Our interdisciplinary conference is going to be devoted to solidarity in all its multiple aspects, in the broadest contexts possible – historical, cultural, artistic, psychological, philosophical. In the age of rapid socio-political changes, with deepening ethic and religious conflicts on one hand, and, on the other hand, a diminishing feeling of identification with the community, there seems to exist a strong necessity for a reflection on the idea of solidarity. It would be difficult to think of a more inspiring place for such a reflection than the city of Gdansk.
he inaugural issue of Trespassing Journal focuses on trespassing the nation.
While the civil movements in Middle East react against the abuse of power, the
phenomenology of the nation-state and its authority still remains a contested
issue. Furthermore, with the globalized world economy and culture, and
with the unlimited coverage of digital media and Internet technologies, it has
become harder to define the limits and the boundaries of the national. In this
context, the relationship between art and the nation/national is an intriguing
juncture especially for the works of art that does not fit the national imagination.
What is at stake in producing art works that contest national ideologies in our
Twenty-first century culture has a particular focus on re-imagining and popularizing established narrative genres, a reinvestment of canonical material in postmodern clothing. The next step in the postmodern reinvestment of the epic has now been taken. In 2008, the year after the Harry Potter series concluded in print, Suzanne Collins published The Hunger Games, the first novel in a trilogy that not only invokes the complexity of the epic spirit but also convincingly demonstrates the ambiguity of action--any action--within the hellish context of war.
MODERNISM'S METAPHORS, IMAGES, AND SYMBOLS
Electronic media such as text messages, wikis, and social networking sites are of course changing the ways our students think and write; programs such as Blackboard, WebCT, and Moodle are changing the ways we teach them to write.
Given those facts, however, when does it make good pedagogical sense to turn off the electronics and rely on old school technologies such as pencils, paper, and chalk? Can low-tech teaching offer students productive alternatives to their digital communication habits, or does such pedagogy shelter them, confirming the sense that their writing for a class is separate from their writing in the world?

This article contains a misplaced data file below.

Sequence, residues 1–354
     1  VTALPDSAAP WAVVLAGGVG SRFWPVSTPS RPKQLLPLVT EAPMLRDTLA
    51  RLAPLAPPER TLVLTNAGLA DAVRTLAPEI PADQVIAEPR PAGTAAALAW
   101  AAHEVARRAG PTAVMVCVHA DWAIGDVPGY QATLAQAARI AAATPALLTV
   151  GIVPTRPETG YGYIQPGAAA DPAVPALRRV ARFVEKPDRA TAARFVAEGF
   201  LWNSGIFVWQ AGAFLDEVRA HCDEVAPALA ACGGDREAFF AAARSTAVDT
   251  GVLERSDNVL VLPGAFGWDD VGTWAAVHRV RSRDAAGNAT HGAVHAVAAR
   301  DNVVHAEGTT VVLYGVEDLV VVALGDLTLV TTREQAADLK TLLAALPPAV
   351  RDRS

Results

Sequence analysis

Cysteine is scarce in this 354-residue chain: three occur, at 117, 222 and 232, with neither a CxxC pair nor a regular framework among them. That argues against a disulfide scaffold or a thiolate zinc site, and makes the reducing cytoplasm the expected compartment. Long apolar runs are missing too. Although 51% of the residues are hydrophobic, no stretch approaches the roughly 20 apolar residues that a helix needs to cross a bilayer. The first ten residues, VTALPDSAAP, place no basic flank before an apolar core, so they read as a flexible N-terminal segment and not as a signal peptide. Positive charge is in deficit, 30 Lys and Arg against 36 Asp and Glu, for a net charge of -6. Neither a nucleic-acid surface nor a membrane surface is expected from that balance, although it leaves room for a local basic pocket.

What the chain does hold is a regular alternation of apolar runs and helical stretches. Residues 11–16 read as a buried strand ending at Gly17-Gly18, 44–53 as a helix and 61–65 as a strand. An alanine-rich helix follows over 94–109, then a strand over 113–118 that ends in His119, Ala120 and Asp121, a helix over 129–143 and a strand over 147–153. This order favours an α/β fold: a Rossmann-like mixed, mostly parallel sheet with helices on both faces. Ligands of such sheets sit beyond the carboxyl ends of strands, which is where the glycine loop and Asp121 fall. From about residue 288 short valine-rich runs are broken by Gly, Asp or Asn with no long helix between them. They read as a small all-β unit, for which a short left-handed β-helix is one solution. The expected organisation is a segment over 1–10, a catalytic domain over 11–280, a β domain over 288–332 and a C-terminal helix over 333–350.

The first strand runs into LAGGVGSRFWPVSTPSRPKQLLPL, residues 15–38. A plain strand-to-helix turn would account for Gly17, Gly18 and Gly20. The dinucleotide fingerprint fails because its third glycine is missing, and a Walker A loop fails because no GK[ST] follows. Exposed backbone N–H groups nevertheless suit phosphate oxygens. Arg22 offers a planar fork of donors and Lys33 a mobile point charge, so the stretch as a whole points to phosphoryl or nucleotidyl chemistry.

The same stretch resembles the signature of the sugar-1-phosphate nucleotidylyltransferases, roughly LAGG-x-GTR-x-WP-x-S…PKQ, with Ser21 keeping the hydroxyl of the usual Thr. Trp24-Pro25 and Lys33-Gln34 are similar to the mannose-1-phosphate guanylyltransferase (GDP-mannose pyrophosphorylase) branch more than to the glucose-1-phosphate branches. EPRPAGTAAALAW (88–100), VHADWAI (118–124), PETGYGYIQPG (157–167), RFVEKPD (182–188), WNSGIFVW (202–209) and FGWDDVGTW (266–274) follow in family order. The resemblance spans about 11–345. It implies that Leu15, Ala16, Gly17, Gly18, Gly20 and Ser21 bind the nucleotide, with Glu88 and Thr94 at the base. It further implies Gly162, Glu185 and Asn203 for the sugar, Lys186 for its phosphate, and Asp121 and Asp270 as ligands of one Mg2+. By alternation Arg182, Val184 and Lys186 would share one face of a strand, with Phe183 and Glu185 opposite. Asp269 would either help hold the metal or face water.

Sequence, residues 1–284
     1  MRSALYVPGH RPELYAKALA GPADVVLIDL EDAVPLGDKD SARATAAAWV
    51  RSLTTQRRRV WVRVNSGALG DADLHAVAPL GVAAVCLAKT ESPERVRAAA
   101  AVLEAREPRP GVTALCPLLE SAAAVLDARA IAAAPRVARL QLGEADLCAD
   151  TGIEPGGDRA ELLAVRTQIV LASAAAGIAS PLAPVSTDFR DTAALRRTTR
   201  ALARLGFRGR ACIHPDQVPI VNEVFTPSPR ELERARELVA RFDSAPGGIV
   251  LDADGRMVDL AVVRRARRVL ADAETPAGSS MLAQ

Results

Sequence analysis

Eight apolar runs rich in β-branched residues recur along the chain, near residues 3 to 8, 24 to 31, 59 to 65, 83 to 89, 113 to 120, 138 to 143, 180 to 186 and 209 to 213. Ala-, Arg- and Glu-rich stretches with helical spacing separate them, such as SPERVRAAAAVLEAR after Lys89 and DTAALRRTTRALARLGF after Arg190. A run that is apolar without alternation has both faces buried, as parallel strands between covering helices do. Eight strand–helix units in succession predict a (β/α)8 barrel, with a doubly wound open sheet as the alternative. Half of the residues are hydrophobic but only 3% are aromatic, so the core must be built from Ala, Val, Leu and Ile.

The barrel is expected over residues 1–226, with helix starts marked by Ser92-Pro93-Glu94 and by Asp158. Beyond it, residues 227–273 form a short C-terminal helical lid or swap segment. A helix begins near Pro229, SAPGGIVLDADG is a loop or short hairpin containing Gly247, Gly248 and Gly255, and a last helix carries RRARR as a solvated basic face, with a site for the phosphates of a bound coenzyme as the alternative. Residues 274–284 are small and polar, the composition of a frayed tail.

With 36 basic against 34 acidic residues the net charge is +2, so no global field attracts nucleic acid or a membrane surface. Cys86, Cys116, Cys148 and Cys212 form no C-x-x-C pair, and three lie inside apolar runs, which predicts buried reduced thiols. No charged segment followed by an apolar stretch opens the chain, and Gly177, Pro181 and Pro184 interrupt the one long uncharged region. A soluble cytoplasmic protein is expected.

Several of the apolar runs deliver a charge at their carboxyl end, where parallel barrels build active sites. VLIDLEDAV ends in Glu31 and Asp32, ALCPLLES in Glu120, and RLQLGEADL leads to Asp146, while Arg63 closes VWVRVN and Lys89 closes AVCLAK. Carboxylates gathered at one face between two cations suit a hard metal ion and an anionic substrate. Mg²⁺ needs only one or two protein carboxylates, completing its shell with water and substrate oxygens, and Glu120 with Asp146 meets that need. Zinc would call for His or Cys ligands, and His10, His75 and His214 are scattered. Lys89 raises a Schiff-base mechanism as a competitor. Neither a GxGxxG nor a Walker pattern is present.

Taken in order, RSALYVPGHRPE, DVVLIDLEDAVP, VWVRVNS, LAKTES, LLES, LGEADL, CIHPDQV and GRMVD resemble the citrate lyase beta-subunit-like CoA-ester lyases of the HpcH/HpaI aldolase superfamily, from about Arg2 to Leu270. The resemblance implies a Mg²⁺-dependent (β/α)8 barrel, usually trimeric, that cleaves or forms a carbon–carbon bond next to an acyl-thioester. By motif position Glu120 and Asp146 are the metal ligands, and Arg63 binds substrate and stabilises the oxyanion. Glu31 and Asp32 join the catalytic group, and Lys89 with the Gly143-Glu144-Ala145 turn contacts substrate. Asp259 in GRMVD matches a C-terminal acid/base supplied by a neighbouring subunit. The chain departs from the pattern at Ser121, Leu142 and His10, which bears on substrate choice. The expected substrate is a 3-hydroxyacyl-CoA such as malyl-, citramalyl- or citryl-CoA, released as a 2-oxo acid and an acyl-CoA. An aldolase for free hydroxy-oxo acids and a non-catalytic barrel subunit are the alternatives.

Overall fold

As universities adjust to new pressures, the experiences and ideas of graduate students remain largely unheard. This 2011 M/MLA panel aims to create a public forum that uses the manifesto form to address issues facing graduate students and recent PhDs. Rather than an airing of grievances, we seek affirmative manifestos that expose the experiences, declare new approaches, and organize existing networks of graduate students and recent PhDs. Manifestos should be 1,000 words or less, and formal experimentation is encouraged. Submit a 250-word abstract to Maglina Lubovich (email@example.com) and Steven Davis (firstname.lastname@example.org) by June 3, 2011.
Proposals are invited for a session on disability and American literature or American Studies at the 2011 South Atlantic Modern Language Association convention in Atlanta, GA. The panel welcomes proposals that analyze any aspect of the topic including fiction, poetry, drama, and film, as well as non-literary materials from all periods. Proposals may interpret "America" and "American" broadly, and panelists are welcome but not required to consider the special convention focus, "The Power of Poetry in the Modern World."
By May 1, 2011, please submit an abstract of no more than 500 words to Scott St. Pierre, Montgomery College, at email@example.com.
Confirmed speaker: Alberto Toscano
RESISTANCE comprises the first day of 'Whose University?', a two-day symposium organised by Goldsmiths and Birkbeck, co-hosted by GLITS, Goldsmiths Literature Seminar (www.gold.ac.uk/ecl/glits) and InC (www.gold.ac.uk/inc), Research Group in Continental Philosophy, 9–10 June 2011.
Call for Papers for Volume 3, Number 2
Rupkatha Journal on Interdisciplinary Studies in Humanities
ISSN 0975-2935 * www.rupkatha.com
Contemporary Trends in Poetry in English/translations
In the 21st century a perception or rather an apprehension sometimes surfaces that poetry will have a slow death in the techno-consumerist world. But contrary to apprehension poetry has survived and is thriving everywhere—in all forms of print and electronic media. In our next issue of the Rupkatha Journal on Interdisciplinary Studies in Humanities, we would like to explore various aspects of contemporary poetry in English/translations from different parts of the world.